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1 SUMMARY OF PhD THESIS UNIVERSITY OF KAPOSVÁR FACULTY OF ECONOMICS MANAGEMENT AND ORGANIZATIONAL SCIENCES DOCTORAL SCHOOL Department of Accounting and Statistics Leader of Doctoral School: DR GYULA VARGA Doctor of Hungarian Science Acedemy Leader of project: DR CSABA SARUDI CSc in economic sciences Associate Leader of project: DR JÓZSEF HORVÁTH Headmaster, Central Statistical Office, Pécs METHODS FOR MEASURING THE REGIONAL COMPETITIVENESS IN HUNGARY Written by: KATALIN BARNA KAPOSVÁR 2007

2 SUMMARY OF PhD THESIS UNIVERSITY OF KAPOSVÁR FACULTY OF ECONOMICS MANAGEMENT AND ORGANIZATIONAL SCIENCES DOCTORAL SCHOOL Department of Accounting and Statistics Leader of Doctoral School: DR GYULA VARGA Doctor of Hungarian Science Acedemy Leader of project: DR CSABA SARUDI CSc in economic sciences Associate Leader of project: DR JÓZSEF HORVÁTH Headmaster, Central Statistical Office, Pécs METHODS FOR MEASURING THE REGIONAL COMPETITIVENESS IN HUNGARY Written by: KATALIN BARNA KAPOSVÁR 2007

3 1. BACKGROUNDS AND OBJECTIVES OF THE SURVEY European Union measures competitiveness of regions on the basis of gross domestic product (GDP) per capita which means goods and services produced in a year by one inhabitant of a given spatial unit. However, GDP is based on real, objective data, so it is purely driven by economics, therefore it hardly can integrate other factors just as the ones being important in determining the life standards of the inhabitants in that region. Regional competitiveness is a more complex phrase than the sole economic competitiveness of the regions. A competitive region means social and economic welfare but also assumes vivid business activity, good public security, high life quality. Shortly, it means a place to live. As to our knowledge no model was introduced that can take both objective and subjective factors into consideration in being able to describe the changes in a complex way. Of course it is not the model maker to blame, but the question itself points out the basic problem that makes elaboration of a complex model or index rather difficult. Basic aim is to determine, analyze the main factors GDP per capita and inhabitants evaluation influencing the regional competitiveness and integrate these factors into one single model through applying mathematic-statistical methods. In the scope of the obtained results it can be concluded that it is possible to set up a model of regional competitiveness where competitiveness is represented by one single index and that index is suitable for evaluating the regional competitiveness of Hungarian regions. Further aim is to elaborate a defined set if indices that is appropriate for other spatial levels. As an output of the designed model a rank list of Hungarian regions can be produced. 1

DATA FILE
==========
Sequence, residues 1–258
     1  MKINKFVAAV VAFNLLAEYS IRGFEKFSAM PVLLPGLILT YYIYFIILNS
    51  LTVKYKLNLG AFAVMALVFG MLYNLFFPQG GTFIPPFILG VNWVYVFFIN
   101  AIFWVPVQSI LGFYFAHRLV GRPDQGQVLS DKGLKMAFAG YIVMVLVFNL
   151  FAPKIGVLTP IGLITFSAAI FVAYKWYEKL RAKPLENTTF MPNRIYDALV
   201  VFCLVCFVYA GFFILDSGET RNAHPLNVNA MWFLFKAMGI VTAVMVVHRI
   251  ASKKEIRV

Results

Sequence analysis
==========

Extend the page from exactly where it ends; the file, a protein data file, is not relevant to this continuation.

4 The aims of the dissertation the following: 1. Determining and analyzing the most excessive influencing factors of regional competitiveness based on mathematical - statistical methods and elaborating a complex regional competitiveness model. 2. Basic requirement of a widely applicable model is the integration of the opinions of the inhabitants. Further aim is to elaborate a set of indices that apart from economic attributes takes subjective (social) factors into consideration and can be used on other spatial levels for measuring competitiveness. A rank list of competitiveness can be formed for regions, counties micro regions and settlements. 3. Based on the regional competitiveness index it is possible to group the regions in being able to make suggestions for different region types when their development strategies are in concern. In order to achieve the previously set goals the adequate answers have to be found for the following questions: What database can be used to determine the major influencing factors of regional competitiveness? What kind of variables should be involved into the competitiveness model and what criteria could filter the wide set of variables? How to solve the dimensional incompatibility of the involved variables? What are the factors of determining the relevant weights of distinct variables? How to measure and parameterize the opinion of inhabitants? Can the model be dynamized and if yes through which methods? What kind of criteria can be used to classify the regions? 2

5 2. MATERIALS AND METHODS Research project was based on primary and secondary databases. When designing secondary database it was sharply taken into consideration that beneficiary micro-regions are determined by the Parliament (within the frames of regional development policies). The beneficiary micro regions are listed in the Nr. 24/2004 Parliament Decision. Enlisting was based on economic, infrastructural, social and employment parameters. Numerical analysis was based on the T-STAR database kindly provided by Central Statistical Office (Pécs Regional Directorate, Kaposvár Bureau.) Data cover the period of because actual survey began in However, when analyzing the variables included into the model the later changes of them are mentioned. Database contains the actual values of the variables for every settlements of the country. Therefore the model involves settlement-level data in order to deliver more descriptive and detailed picture about the status and position of the regions. Settlement-level surveys are not unique, the Local2 (NUTS5) level projects are common and accepted throughout the EU. Using spot level data maintaining the original goal to modelize the competitiveness of the regions gave the possibility of using the model on other (settlement, micro-region, county) spatial levels. Referring to the available initial database and considering the 24/2001 Decision 17 distinct parameters were chosen for the purposes of the model. T-STAR database delivers the numerical data separately per settlements so first step was converting and grouping them according to the spatial mapping. It means that the mentioned 17 variables had to be generated from the initial dataset followed by an aggregation of them to county level. Intensity and strength of the relationship between the chosen variables were performed by correlation analysis. It is also a key to determine the importance (weights) of the variables. Relationships between the chosen variables ( r > 0, 7 ; 3